matt hourigan mercury comet front angle

Pro-Charged Mercury Comet GT – Dubai Car News

IIn a modified car game, most things have been done before and done well, so it can be difficult to create something truly unique. Often, if you set out to be different for the sake of being different, the end result is not favorable. But Matt Horrigan’s ’71 Mercury Comet GT is kind of cool.

First published in the December 2022 issue. Street Machine

Street Machine Features Matt Horrigan Mercury Comet Rear Angle


It’s a beautiful car from any angle, but most casual onlookers don’t know what a Comet is, so it’s a bit of a conversation starter.

Matt was looking for an early Mustang when he stumbled upon this comet and reasoned that it could form the basis of a far more unusual project. We certainly don’t see many of these here in Australia, and in this instance, the road less traveled has led to somewhere spectacular.

“When it was finished and we drove it to Smyrnatus, the number of people gathered around the car asking what it was – it was crazy,” says Matt. “Most people thought it was a Camaro, Falcon or Mustang. When I first saw it for sale, I had no idea what it was. I had to Google it!”

The street machine features Matt Horrigan Mercury Comet taillights


The Met model is the fifth and final generation Comet, essentially Mercury’s take on Ford’s compact Maverick model, with which it shares most of its body panels. It was available in a range of trim levels with both six- and eight-cylinder engines, with the Halo model, GT, fitted with the 302ci Windsor. Matt’s GT is still powered by a Windsor, but it now benefits from a few extra cubes and some artificial aspirated courtesy of a ProCharger P-1X huffer.

“When I first got it, it was painted yellow ocher with black badging, with a stock 302,” Matt says. “We stripped it down and adapted it to fit the RRS Falcon front end with coil overs and rack and pinion steering. Many of the basics are common to other Ford models, but there are slight variations. And that presented some challenges throughout the build.”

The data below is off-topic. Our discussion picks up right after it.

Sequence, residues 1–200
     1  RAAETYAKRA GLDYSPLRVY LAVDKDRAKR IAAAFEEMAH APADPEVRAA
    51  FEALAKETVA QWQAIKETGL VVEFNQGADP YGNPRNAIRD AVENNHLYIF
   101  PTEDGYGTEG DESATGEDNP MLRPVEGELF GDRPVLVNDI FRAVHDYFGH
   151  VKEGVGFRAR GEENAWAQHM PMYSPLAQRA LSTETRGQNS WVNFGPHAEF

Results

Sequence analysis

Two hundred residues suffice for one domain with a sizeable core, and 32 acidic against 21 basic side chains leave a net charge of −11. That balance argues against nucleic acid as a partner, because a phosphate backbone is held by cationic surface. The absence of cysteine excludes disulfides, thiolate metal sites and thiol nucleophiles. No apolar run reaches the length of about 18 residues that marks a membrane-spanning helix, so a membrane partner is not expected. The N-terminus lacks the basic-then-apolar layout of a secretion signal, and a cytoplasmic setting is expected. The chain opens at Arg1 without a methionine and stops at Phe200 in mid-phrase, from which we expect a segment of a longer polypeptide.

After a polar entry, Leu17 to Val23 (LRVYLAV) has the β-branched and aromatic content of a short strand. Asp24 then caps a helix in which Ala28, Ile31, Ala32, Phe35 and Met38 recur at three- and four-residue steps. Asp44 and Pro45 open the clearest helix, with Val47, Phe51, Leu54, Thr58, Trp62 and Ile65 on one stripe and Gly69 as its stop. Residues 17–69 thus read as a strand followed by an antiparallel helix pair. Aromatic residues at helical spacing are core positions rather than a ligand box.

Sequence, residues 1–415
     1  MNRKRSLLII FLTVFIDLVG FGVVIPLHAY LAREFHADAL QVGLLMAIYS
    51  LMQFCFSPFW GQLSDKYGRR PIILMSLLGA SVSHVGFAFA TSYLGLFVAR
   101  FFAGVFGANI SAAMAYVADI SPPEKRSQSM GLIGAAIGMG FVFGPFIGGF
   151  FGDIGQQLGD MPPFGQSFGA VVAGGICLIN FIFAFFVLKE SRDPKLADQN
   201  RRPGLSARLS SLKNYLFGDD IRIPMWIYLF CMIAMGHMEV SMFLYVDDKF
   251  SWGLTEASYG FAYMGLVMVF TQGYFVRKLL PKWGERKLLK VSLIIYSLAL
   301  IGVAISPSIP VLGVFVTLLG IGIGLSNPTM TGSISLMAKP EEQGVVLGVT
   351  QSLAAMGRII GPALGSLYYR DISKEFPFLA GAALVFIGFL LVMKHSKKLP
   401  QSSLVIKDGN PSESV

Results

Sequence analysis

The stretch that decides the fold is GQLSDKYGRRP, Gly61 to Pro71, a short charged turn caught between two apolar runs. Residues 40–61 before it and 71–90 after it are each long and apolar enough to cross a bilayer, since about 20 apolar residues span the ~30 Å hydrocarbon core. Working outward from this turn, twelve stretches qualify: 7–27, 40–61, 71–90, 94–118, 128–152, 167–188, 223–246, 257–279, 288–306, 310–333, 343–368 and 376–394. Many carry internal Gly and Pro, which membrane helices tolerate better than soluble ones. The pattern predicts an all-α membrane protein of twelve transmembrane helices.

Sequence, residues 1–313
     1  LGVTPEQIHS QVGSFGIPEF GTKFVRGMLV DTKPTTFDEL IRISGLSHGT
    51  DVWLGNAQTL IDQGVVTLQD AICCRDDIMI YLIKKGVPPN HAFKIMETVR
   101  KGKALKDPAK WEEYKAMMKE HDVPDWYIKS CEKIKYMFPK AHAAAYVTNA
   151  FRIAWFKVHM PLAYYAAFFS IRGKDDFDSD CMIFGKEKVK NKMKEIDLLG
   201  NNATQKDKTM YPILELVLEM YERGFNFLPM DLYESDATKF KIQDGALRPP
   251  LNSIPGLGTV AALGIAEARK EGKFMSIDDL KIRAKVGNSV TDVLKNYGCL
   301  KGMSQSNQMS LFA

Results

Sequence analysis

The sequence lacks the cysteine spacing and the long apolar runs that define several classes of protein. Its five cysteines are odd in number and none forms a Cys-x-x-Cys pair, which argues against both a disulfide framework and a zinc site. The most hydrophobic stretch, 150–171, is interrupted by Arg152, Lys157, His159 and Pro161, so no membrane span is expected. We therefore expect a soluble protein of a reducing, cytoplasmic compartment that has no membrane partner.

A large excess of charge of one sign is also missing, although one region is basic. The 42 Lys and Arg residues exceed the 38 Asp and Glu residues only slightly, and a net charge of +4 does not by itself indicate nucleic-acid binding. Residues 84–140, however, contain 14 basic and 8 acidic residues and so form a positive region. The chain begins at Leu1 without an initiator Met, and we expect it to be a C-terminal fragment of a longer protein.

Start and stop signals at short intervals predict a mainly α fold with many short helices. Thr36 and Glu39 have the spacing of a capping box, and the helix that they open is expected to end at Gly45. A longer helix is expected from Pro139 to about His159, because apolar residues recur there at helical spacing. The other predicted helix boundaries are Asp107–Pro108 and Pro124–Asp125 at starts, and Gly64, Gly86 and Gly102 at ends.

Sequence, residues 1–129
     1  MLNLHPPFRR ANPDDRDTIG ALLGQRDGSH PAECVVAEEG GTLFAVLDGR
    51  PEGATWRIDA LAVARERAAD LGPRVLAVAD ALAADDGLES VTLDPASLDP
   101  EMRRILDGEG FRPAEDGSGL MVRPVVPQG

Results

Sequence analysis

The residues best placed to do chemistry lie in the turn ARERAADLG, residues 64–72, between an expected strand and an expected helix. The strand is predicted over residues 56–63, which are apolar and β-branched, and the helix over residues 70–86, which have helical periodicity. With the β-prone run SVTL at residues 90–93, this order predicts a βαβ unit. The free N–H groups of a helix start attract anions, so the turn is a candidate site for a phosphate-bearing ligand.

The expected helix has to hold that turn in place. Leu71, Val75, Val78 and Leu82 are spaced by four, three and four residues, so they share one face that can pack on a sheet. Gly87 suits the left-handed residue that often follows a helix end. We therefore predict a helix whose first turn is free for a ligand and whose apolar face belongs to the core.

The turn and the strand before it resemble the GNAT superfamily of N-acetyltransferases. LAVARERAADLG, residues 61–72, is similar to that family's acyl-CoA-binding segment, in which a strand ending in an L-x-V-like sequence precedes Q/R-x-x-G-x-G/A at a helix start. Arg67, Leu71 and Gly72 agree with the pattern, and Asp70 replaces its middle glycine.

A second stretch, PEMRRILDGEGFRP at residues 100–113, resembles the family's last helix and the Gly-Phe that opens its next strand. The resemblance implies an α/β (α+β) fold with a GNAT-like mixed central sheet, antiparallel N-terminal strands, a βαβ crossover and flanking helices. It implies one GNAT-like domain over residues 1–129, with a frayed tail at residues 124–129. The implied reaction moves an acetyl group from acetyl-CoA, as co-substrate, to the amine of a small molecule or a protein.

Street Machine Features Matt Hourigan Mercury Comet Bonnet


Canberra-based Matt enlisted Queanbeyan Engine Service to assemble the stout small-block, with the brief calling for something that wasn’t short on poke but also had good reliability and road manners. were presented. QES responded by expanding the Windsor to 347ci via an Eagle stroker crank and H-beam rods, and a set of CP pistons.

A custom grinded curve cam was specified for the job, while AFR Renegade alloy heads exit the top end, with a truck flow inlet manifold mated to a Wilson elbow and throttle body. The aforementioned P-1X ProCharger trades boost via an air-to-air intercooler, and the combo makes 650hp at the hubs on pump juice, with a boost upgrade and switch to E85 still in the works.

Street Machine features the Matt Horrigan Mercury Comet Boat


As can often happen, after an initial flurry of activity, progress on the comet stalled. Matt turned to Canberra Car’s Terry Keyes for some advice, who suggested that Phil Kerrigan Motorsports might be able to get some help. From that point on, Phil took over the reins and saw the build through to completion.

“Matt was great to deal with to the point of the day; we were on the same page about where to go with the build,” says Phil. “The best part is that we’ve become great friends and I consider his family part of my family.”

Street Machine Features Matt Hourigan Mercury Comet Engine Bay 1


Matt sketched out his vision for the car, which called for a minimalist approach: a standard body, deleted chromework and a gray and black color scheme. Ben Ambrose did the bodywork and laid on the PPG Vibrance Nissan Smoke paintwork, and aside from cleaning up the body for the intercooler and smoothing the engine bay, the sheet metal is factory-matched. When you’re dealing with a look rarely seen on Australian shores, there’s no need for wild body mods or bright colors to stand out from the crowd.